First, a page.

Wednesday, April 30, 2008

The X Window System - Post 1

X window System components

  1. X Server
  2. Window Manager
  3. Desktop Environment

X Server

The x server is responsible for Raw display, Character Placement, Pixel Placement etc.

Window Manager

The window manager is responsible for placing a border around raw graphic output and providing some basic controls on that border to control the graphical output from X Server. You can say that window manager provides the look and feel of your linux operating system.

There are different window managers, a few among them are KWM, Rawfish, Ice window manager etc.

Desktop Environment

The Graphical utilities, Configuration programs etc fall under the desktop environments. Desktop environments provide these tools so that you can control your linux operating system using your mouse. A few examples of most used desktop environments are KDE, Gnome, CDE, etc

Installing and Configuring X Server

You can install or upgrade your own, from
If you need to manually configure the X server, there are several
possible methods:

  1. Try to use the XF86Setup program, which can help identify the correct X server and monitor timings for the video hardware.
  2. Make sure that the X server has the correct options. If you log in as the superuser, you should be able to use X --probeonly to get a listing of the video card chipset, memory, and any special graphics features. Also, refer to the manual page for the X server. (E.g.; man X), and try running the X server and redirecting the standard error output to a file so you can determine, after you can view text on the screen again, what error messages the server is generating; e.g., X 2>x.error.
  3. With that information, you should be able to safely refer to one of the references provided by the Linux Documentation Project. ("Where can I get the HOWTO's and other documentation? ") There are several HOWTO's on the subject, including a HOWTO to calculate video timings manually if necessary. Also, the Installation and Getting Started guide has a chapter with a step-by-step guide to writing a XF86Config file.


These are some good resources for X window system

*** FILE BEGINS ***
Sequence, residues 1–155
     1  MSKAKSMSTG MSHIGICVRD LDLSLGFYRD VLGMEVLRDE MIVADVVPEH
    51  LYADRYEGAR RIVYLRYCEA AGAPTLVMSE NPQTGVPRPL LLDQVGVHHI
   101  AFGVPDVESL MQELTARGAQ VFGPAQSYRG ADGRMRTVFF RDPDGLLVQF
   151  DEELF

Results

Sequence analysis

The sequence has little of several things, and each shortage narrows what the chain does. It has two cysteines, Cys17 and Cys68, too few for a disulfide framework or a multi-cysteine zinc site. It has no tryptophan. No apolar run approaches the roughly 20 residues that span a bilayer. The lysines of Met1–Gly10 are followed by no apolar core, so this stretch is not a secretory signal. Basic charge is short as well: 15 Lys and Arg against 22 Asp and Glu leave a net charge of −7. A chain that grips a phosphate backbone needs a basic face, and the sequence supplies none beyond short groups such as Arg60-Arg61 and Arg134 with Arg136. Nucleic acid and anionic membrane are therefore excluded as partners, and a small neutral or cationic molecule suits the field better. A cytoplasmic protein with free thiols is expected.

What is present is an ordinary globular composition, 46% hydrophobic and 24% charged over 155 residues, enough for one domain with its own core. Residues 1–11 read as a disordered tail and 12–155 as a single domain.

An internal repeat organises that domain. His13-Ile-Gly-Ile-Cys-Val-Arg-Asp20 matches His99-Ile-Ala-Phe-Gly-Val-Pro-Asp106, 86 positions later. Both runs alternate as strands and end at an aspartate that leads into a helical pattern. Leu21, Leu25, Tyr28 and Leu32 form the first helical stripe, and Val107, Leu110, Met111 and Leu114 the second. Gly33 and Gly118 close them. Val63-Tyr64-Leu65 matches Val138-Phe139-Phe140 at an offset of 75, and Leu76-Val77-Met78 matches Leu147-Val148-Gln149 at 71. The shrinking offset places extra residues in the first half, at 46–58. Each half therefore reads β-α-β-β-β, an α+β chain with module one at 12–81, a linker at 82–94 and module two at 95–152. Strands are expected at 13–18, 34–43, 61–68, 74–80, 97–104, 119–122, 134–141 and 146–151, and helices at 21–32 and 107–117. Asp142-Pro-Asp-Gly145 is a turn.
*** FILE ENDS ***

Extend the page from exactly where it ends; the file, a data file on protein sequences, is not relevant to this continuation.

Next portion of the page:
1. http://www.linuxdevcenter.com/pub/a/linux/2005/08/25/whatisXwindow.html?page=1

The X window system video lectures on http://www.youtube.com/

An X Window System Tutorial (Part 01)

An X Window System Tutorial (Part 02)

An X Window System Tutorial (Part 03)

An X Window System Tutorial (Part 04)

An X Window System Tutorial (Part 05)

An X Window System Tutorial (Part 06)

Tuesday, April 29, 2008

Getting Started

LPIC certifications are divided into three levels

  1. LPIC 1
  2. LPIC 2
  3. LPIC 3

The detailed objectives covered on these certifications are listed on the following link on the official LPIC website.



LPIC 1 is further divided into two papers. Exam 101 and Exam 102


LPIC 1 Exam 101 costs 155 USD and you can register for it through http://www.prometric.com/default.htm using your credit card.

LPIC 1 Exam 102 also costs 155 USD and you can follow the same procedure for its registration.


Some of very good resources for LPIC 1 certification are as follows

http://www.ibm.com/developerworks/linux/lpi/101.html [Free Resource]

There are also some video trainings available for LPIC 1 certification. They are from

  1. VTC - http://www.vtc.com/
  2. CBT Nuggest - http://www.cbtnuggets.com/

These video lectures are not free. But they can be downloaded using P2P networks.

There is also some exam engines available to simulate the LPIC exam tests. One beautiful exam engine is this

  1. Visual CertExam suite, you can find this at http://www.visualcertexam.com/

I myself is in the process of learning Linux and going to get LPIC certification in a short time. I will blog about my experience of that too. Anyone who wants to share his experience of LPIC certifications should comment on this blog, it will be helpful for anyone viewing this blog. Thanks

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